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Re: Is GNOME 2 panel still in unstable?



On Mon, 14 Nov 2011 01:34:15 +0100, Arno Schuring wrote:

> Camaleón (noelamac@gmail.com on 2011-11-13 17:59 +0000):
>> 
>> > and how many people are whining because GNOME 2 is gone?
>> 
>> We all miss the good job that GNOME2 did. IMO, there is nothing wrong
>> about users whining or complaining because of the change, that's a
>> normal reaction that express the love we had for GNOME2 and loving
>> GNOME2 is nothing bad.
> 
> Now that's a spin that I like :)
> 
> However, you can argue whether effectively discontinuing the most-used
> DE on Linux is a wise move. I can understand some of the reasoning
> behind it, but in my mind, abandoning your old product in favor of some
> fad of the day feels like a forced upgrade. And most users use Linux
> because they got fed up with the forced upgrade treadmill of certain
> proprietary software manufacturers...

*It is* a forced upgrade. But please, and be sincere, aren't these 
(forced upgrades) hapening with any other piece of FLOSS software?

This is a small list of changes that *we were forced to* that I recall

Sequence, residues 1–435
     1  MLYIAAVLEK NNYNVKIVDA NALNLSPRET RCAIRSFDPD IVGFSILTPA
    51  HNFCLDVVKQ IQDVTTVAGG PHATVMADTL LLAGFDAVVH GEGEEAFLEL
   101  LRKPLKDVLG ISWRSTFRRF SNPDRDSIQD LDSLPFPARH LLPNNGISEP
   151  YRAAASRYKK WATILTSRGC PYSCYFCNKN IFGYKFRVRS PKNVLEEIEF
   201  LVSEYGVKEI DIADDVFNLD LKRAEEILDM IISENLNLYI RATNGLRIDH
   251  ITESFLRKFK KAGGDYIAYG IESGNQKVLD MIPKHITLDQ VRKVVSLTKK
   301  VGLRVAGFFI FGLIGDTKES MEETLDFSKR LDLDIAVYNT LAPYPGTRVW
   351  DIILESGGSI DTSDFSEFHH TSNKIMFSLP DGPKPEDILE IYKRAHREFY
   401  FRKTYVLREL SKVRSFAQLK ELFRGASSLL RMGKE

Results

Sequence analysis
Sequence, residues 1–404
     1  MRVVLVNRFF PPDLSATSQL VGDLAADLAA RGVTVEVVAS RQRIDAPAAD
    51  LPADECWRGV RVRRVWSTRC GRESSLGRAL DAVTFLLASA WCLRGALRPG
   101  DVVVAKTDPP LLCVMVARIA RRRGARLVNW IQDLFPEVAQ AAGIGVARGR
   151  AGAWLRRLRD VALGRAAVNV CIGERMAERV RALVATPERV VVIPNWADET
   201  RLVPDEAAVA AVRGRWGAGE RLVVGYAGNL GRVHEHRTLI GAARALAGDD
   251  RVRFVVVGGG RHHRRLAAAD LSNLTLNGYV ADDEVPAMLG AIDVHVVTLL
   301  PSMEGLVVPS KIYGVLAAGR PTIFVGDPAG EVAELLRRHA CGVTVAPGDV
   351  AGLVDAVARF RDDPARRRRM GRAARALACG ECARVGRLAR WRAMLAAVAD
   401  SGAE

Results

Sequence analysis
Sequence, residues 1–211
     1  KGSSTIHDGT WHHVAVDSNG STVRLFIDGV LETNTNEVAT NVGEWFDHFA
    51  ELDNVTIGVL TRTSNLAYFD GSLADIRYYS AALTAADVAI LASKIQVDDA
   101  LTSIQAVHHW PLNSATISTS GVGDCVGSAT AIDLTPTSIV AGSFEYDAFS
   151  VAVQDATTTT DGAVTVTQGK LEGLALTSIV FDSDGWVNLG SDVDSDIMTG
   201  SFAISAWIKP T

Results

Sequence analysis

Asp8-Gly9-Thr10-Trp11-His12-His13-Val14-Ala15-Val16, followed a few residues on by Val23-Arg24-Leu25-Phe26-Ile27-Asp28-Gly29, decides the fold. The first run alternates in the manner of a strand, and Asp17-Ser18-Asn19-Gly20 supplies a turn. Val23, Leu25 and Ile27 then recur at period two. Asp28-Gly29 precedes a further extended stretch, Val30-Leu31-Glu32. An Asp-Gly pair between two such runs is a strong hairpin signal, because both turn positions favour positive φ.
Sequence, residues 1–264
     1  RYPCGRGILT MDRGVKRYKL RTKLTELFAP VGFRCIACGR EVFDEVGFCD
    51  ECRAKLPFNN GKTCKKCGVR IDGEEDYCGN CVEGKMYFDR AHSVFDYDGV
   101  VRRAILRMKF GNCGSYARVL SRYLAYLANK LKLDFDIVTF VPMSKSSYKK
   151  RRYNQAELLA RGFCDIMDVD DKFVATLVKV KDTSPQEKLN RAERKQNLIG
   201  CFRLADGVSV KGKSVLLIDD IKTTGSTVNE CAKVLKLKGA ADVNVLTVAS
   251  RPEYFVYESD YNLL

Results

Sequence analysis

from not so long ago:

- Dynamic xorg
- udev/policykit instead hal
- libata hard disk renaming (hd*/sd*)
- kernel device changes (/dev/sdx to UUID/ID...)
- now is coming systemd/startup instead sys-v init
- grub2
- kde4
...

Are those changes bad? No, of course. Was the upgrading path of the above 
smooth? Well, not always, Xorg has been given headaches to many people, 
and what about udev? I'm still unsure what's the best way to deal with 
it. And prepare for the replacement of the old sysinit... :-)

What happens with community based FLOSS code is that changes happen very 
quickly and there is little time to people get used to them but at the 
price of introducing new things that do not always work as expected and 
break another things. 

Such is live and such is FLOSS and that's something we have to assume and 
deal with... or we can always go for a RedHat or SUSE SLED/SLES license 
(or their counterparts distributions like CentOS/Scientific Linux) that 
tend to be more conservative with their desktop options.

Greetings,

-- 
Camaleón


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